Hill v. United States
149 U.S. 593 (1893)

Annotate this Case

U.S. Supreme Court

Hill v. United States, 149 U.S. 593 (1893)

Hill v. United States

No. 108

Argued and submitted January 6, 1893

Decided May 10, 1893

149 U.S. 593

Syllabus

A claim by a person asserting title in land under tidewater, for damages for the use and occupation thereof by the United States for the erection and maintenance of a lighthouse, without his consent and without compensation to him, but not showing that the United States have acknowledged any right of property in him as against them, is a case sounding in tort of which the circuit court of the United States has no jurisdiction under the Act of March 3, 1887, c. 359.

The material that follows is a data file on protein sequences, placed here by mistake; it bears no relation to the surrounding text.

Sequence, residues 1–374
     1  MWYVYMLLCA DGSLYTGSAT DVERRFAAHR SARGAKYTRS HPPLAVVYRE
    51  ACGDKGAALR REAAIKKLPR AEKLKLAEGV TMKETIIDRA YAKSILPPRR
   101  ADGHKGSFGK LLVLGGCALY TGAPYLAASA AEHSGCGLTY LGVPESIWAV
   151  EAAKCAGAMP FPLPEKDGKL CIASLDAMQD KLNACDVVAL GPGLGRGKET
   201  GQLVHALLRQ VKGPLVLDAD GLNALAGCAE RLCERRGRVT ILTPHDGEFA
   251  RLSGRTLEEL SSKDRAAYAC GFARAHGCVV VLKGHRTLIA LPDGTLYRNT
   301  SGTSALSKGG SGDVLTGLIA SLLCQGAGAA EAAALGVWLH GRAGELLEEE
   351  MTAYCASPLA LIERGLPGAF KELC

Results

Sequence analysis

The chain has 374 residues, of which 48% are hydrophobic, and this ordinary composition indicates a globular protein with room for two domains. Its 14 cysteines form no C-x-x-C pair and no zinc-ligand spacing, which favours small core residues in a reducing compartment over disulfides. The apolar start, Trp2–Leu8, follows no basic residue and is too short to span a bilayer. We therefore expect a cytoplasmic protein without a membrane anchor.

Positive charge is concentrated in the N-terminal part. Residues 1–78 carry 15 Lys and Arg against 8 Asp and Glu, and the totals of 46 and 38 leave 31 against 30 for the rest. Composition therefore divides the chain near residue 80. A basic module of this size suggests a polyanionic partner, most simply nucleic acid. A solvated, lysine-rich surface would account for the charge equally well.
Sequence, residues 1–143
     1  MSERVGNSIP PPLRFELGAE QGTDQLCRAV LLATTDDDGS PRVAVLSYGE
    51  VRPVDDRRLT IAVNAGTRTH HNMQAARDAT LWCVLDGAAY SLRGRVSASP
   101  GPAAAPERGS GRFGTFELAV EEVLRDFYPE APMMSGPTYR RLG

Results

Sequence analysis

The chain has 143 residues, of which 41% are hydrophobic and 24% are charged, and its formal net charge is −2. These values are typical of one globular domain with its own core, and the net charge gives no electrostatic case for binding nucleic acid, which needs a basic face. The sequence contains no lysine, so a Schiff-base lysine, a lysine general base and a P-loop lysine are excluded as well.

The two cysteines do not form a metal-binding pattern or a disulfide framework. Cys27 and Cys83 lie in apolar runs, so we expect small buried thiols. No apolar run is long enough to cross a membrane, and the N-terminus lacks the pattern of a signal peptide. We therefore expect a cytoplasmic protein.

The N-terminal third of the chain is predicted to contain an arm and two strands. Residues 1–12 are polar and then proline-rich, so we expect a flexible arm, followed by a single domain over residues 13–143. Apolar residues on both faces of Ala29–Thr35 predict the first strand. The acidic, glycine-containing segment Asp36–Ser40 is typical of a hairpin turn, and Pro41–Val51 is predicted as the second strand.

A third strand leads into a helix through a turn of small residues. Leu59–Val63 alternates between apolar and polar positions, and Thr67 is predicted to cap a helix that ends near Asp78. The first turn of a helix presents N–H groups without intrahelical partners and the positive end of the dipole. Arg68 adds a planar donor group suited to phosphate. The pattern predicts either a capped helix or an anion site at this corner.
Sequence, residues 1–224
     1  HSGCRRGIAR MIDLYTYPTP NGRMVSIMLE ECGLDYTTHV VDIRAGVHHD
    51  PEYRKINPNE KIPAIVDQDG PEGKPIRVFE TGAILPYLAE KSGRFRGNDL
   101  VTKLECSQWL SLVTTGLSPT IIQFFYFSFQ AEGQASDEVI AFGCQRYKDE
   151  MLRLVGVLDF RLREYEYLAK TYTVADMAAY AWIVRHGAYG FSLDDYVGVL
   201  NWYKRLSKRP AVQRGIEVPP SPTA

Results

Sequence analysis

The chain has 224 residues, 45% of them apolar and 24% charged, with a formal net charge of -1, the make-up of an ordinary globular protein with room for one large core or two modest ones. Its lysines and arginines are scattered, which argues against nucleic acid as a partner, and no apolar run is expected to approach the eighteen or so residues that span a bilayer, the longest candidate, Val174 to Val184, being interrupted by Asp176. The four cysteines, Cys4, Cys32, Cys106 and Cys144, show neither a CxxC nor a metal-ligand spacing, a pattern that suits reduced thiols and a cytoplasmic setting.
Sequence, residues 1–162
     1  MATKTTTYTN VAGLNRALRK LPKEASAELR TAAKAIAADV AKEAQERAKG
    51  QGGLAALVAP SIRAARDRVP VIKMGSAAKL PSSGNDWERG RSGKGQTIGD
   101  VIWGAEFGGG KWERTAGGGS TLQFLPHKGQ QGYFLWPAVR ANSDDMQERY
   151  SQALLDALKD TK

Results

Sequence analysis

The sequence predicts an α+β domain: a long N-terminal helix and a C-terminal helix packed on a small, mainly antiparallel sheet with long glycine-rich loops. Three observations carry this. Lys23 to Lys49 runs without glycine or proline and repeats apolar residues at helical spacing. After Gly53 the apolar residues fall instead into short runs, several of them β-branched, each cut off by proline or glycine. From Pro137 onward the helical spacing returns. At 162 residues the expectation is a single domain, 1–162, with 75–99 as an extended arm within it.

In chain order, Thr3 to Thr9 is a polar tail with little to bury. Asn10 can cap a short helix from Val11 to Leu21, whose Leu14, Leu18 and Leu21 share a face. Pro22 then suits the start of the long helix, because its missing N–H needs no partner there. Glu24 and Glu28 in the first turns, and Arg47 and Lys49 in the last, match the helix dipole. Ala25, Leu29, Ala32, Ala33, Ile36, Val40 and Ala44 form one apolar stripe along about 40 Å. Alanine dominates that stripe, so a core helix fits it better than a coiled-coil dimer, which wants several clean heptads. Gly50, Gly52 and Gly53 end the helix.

The case is stated in the opinion.

Official Supreme Court case law is only found in the print version of the United States Reports. Justia case law is provided for general informational purposes only, and may not reflect current legal developments, verdicts or settlements. We make no warranties or guarantees about the accuracy, completeness, or adequacy of the information contained on this site or information linked to from this site. Please check official sources.